Maya Romanoff, 1941-2014
Company founder and namesake Maya Romanoff established the company in 1969 after discovering an inherent passion for dyeing textiles.
As an artist, inventor and chief creative officer of Maya Romanoff , Maya created a company culture that continues to foster a sense of community and artistic expression. His study and practice of Zen Buddhism was influential in his philosophy of making “uncommon art.”
Throughout the company’s evolution Romanoff’s founding vision of transforming modern design by combining ancient artistic techniques with the latest production technology has held strong. Pushing technological boundaries allowed Romanoff to turn his affinity for organic beauty into marketable, avant-garde surface coverings.
Originally from Chicago, Maya attended University of California at Berkeley at a pivotal moment in the 1960’s, studying Anthropology and Art. His post graduate travels to countries such as North Africa and Paris cemented his developing philosophy that art should be an integral part of everyday life. Exposure to the couture houses of Paris spurred his interest in textile design and fashion.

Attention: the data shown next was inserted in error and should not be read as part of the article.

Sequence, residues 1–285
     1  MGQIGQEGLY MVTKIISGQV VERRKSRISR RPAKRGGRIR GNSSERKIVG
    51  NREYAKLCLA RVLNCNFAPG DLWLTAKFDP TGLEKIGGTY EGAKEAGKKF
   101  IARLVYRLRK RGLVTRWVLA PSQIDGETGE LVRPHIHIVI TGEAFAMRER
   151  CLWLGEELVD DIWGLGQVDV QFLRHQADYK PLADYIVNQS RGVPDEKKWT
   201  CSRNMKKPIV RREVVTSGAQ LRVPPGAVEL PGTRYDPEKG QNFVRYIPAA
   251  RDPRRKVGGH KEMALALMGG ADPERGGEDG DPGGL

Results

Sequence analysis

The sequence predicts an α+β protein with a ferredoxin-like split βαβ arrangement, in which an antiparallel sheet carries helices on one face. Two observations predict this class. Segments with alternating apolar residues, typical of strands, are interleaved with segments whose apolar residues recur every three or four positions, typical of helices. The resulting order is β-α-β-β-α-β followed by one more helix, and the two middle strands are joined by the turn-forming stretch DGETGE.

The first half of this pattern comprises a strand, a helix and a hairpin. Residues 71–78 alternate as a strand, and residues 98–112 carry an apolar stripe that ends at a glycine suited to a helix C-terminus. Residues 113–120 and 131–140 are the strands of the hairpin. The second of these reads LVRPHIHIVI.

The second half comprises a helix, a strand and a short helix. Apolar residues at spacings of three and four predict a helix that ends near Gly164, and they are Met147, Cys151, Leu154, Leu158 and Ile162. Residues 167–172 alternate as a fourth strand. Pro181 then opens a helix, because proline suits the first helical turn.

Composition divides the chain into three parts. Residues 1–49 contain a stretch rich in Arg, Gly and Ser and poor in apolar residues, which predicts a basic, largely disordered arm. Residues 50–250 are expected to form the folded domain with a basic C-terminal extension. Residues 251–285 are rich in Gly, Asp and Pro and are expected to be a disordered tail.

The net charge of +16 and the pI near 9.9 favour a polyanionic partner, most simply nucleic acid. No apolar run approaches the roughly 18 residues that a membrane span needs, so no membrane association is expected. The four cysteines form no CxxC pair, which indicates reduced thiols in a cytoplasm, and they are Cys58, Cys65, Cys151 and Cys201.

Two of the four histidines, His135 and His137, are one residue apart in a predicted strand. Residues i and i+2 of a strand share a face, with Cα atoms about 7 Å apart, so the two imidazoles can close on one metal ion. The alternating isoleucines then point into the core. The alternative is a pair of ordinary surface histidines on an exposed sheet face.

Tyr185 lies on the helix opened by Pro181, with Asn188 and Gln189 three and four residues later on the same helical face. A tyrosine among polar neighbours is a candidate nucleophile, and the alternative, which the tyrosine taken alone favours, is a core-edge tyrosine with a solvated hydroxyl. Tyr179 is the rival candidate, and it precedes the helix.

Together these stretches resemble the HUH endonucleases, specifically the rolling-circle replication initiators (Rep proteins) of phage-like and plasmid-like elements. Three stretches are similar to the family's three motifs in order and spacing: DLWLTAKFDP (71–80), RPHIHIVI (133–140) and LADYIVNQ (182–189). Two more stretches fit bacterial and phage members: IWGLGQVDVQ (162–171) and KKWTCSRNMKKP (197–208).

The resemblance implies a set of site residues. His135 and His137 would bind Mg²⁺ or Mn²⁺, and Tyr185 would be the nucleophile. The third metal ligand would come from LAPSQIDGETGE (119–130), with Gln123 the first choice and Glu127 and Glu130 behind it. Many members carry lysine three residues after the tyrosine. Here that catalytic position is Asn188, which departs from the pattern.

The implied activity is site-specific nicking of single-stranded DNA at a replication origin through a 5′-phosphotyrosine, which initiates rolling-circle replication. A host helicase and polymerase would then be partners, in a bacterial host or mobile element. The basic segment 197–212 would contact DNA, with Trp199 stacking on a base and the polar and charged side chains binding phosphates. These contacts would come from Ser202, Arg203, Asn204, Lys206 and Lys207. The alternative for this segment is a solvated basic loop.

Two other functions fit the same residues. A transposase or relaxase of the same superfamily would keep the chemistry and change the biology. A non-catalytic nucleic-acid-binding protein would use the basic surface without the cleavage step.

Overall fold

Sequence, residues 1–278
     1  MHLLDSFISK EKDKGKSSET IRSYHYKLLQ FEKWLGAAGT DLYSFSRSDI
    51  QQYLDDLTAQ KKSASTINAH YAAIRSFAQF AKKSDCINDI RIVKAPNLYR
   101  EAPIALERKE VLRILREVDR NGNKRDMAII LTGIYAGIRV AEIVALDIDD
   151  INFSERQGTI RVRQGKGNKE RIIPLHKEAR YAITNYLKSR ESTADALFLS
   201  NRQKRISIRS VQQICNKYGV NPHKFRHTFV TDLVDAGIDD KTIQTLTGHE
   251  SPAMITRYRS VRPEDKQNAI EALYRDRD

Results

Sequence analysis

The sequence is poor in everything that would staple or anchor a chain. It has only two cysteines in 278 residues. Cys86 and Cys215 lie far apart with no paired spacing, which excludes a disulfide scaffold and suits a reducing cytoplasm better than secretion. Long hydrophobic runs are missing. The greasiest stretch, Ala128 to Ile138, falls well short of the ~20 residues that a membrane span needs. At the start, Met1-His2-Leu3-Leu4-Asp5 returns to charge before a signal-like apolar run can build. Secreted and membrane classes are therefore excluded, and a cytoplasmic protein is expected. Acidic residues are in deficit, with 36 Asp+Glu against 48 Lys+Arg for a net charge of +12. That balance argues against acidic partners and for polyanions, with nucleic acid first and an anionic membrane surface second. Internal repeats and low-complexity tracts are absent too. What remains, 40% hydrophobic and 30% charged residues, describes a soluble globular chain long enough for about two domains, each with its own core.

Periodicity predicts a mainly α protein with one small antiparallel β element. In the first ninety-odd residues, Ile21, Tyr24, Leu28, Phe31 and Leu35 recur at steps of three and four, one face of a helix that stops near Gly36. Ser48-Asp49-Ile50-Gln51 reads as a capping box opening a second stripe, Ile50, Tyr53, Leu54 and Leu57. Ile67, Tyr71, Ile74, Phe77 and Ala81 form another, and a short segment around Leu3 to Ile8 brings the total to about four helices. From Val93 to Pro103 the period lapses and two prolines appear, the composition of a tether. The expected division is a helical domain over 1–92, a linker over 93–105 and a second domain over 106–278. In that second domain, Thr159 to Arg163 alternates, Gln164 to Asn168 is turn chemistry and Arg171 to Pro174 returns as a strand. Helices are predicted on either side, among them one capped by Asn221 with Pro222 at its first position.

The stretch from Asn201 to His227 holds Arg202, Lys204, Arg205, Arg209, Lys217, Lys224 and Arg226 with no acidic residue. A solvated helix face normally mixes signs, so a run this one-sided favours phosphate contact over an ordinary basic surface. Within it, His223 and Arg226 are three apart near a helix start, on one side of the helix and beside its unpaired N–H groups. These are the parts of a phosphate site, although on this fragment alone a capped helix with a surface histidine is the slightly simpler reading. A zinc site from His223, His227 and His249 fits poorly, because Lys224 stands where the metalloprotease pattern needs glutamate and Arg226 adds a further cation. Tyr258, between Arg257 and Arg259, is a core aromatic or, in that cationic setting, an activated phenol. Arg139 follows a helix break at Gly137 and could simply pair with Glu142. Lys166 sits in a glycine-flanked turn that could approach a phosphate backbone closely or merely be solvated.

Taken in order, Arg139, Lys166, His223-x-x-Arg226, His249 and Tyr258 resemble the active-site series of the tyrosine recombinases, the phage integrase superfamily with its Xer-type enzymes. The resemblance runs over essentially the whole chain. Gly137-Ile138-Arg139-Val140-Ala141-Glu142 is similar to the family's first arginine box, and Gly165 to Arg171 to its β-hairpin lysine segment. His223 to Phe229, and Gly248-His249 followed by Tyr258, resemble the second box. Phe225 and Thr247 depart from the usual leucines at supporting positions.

Enter Woodstock and Maya’s discovery of the intriguing technique of tie-dye. His amazing fabrics swept tie-dye into the realm of couture and subsequently went beyond draping bodies to draping entire buildings creating large scale installation art. Maya began to experiment further with surfaces creating floorcoverings, entire fabric room environments and of course, wallcoverings.
At the age of 49, he was diagnosed with Parkinson’s and devoted his free time to memorizing Shakespearean sonnets, singing, and spreadsheets. He never stopped pushing his company to create and to grow. Joyce Romanoff became president of Maya Romanoff in 2002 and her children and his niece assumed leadership roles in the company.
Maya’s achievements are far too extensive to list here. Innovation and industry-wide recognition have led to his being named a Trailblazer by The International Furnishings and Design Association and an Icon of Industry by NEWH. At this time, nine collections have been inducted into the permanent collections of the Cooper-Hewitt National Design Museum.
Maya passed away in January of 2014 after a 20-year battle with Parkinson’s Disease. Since that time, his wife and partner, Joyce, has taken the helm, along with Maya & Joyce’s second generation, to steer the company into the future.